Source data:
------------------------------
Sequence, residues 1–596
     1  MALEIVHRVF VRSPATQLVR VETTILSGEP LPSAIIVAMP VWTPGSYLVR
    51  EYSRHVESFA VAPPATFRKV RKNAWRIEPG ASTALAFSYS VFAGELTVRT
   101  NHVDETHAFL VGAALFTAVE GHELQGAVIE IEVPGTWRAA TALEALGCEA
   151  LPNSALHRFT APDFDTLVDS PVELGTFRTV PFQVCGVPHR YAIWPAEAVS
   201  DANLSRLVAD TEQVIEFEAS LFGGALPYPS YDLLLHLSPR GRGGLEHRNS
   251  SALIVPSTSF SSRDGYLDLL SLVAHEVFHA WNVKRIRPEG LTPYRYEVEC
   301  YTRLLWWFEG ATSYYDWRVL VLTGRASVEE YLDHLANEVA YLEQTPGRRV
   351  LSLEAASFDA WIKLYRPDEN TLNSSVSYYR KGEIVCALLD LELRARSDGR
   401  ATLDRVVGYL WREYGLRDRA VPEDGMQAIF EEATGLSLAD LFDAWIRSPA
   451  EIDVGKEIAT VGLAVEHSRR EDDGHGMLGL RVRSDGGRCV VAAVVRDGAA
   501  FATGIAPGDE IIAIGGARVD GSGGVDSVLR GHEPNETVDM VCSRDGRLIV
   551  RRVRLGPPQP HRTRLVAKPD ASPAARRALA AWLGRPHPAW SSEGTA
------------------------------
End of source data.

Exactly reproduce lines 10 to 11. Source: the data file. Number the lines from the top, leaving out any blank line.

   401  ATLDRVVGYL WREYGLRDRA VPEDGMQAIF EEATGLSLAD LFDAWIRSPA
   451  EIDVGKEIAT VGLAVEHSRR EDDGHGMLGL RVRSDGGRCV VAAVVRDGAA